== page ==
The government is attempting to limit students’ chances to succeed

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Photo Credit: Rena Li | Daily Texan Staff

Helping poor kids go to college has always been a bipartisan initiative. Programs like Pell Grants, TEXAS grants, and Federal Work-Study have each received the support of members of both parties in Congress. Even today, many Republicans have devoted significant political capital into making sure their constituents can afford the rapidly rising cost of a college education.

But these programs are under fire from cowardly Republicans. Lt. Gov. Dan Patrick has spent the last several years crusading against “tuition set-asides”, a program that has in-state students at public universities in Texas pay into a pool of money that lowers tuition for low and middle-income students. “College education should not be out of reach for the poor,” Patrick told Texas Monthly. “But it also should not be out of reach for middle class and the middle class should not be paying for the poor.”

However, middle-class students also receive financial aid help from the state each year from the same set-asides Patrick derides.  In Fiscal Year 2015, nearly $24 million from set-asides went to 9,382 students — nearly a fifth of the student body. As Tom Melecki, former director of financial services for UT, said, “If you want to ensure that only wealthy students and upper middle-class students can afford to go to Texas public colleges and universities in the future, do away with tuition set-asides.”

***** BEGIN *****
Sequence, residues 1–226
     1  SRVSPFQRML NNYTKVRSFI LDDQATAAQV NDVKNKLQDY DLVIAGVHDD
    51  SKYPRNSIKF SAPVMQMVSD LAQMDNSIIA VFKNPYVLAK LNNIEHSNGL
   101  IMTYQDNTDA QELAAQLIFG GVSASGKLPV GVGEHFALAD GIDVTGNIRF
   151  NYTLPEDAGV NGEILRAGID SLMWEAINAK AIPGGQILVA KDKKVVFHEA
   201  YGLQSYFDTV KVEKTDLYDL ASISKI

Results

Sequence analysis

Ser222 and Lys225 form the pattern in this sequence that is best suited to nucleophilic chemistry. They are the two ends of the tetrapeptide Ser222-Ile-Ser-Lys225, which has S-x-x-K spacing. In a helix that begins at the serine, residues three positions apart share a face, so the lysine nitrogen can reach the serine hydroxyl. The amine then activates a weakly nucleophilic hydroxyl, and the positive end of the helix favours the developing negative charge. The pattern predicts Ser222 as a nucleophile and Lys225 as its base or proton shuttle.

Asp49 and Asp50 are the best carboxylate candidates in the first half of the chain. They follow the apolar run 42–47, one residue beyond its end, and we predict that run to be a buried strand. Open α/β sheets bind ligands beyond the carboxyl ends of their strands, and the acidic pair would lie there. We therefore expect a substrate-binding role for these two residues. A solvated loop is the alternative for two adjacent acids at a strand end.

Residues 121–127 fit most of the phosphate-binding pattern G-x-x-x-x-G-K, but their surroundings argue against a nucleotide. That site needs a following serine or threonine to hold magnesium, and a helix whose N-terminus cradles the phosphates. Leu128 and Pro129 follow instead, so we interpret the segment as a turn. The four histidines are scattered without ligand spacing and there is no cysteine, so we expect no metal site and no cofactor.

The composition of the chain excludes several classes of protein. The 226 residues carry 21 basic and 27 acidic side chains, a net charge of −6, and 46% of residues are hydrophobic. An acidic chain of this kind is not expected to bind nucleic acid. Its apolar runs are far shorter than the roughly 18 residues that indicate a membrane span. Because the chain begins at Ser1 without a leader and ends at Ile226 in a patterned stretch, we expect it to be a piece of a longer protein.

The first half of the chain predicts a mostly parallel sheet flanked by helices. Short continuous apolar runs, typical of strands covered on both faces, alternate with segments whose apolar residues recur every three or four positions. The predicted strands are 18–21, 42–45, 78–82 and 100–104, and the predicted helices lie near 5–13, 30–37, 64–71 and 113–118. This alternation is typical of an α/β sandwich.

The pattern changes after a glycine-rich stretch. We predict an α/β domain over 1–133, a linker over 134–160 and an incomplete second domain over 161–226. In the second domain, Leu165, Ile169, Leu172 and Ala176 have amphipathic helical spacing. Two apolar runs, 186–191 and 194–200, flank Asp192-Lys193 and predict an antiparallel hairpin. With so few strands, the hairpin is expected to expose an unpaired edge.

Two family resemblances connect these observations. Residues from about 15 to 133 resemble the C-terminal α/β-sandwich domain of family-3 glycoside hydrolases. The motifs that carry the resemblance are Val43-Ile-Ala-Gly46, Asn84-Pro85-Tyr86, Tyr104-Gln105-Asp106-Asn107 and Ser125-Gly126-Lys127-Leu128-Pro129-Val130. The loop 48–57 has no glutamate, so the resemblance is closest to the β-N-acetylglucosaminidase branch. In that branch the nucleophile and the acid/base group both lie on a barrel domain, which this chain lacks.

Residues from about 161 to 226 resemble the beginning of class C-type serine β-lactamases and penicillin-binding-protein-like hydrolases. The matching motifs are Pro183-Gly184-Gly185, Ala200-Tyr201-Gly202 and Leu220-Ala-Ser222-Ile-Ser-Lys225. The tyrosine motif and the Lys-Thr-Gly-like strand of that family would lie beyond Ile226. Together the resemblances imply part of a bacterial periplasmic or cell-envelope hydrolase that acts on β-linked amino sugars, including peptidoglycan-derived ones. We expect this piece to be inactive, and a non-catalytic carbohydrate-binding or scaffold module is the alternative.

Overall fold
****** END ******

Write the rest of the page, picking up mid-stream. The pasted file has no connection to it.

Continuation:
Crucial aid programs are under attack from the federal government as well. The budget released by the Trump White House would significantly cut financial aid programs for needy students. The work-study program, which makes it easier for students to obtain on-campus jobs, would have had its allocation cut in half. They proposed ending the Perkins and Stafford loan programs, both of which offer loans to students at low interest rates. Trump’s budget would also end the Public Service Loan Forgiveness Program, which forgives loan debts for students who go into non-profit and government jobs, and the Supplemental Education Opportunity Grant Program, as well as take nearly $4 billion out of surplus Pell Grant funds.

These attacks on students’ ability to attend college are personal for me. I receive aid from threatened state and federal government programs, such as Federal Work-Study, Perkins and Stafford Loans and Pell Grants. The aid from these programs, along with some other grants, covers tuition, books and part of my housing. Without this help, I likely would’ve ended up at an out-of-state private school with more scholarships available than UT could ever offer. As a middle-class student, this had a huge impact on where I went to college. For those less fortunate, it could make-or-break their chances of going to college at all.

 So when Patrick and Trump try to cut financial aid, they aren’t just forcing students to take out more in loans. They’re actively threatening many students chances of making it to campus. And if they get their way, UT could lose the best and brightest of future generations.

Price is a government sophomore from Austin.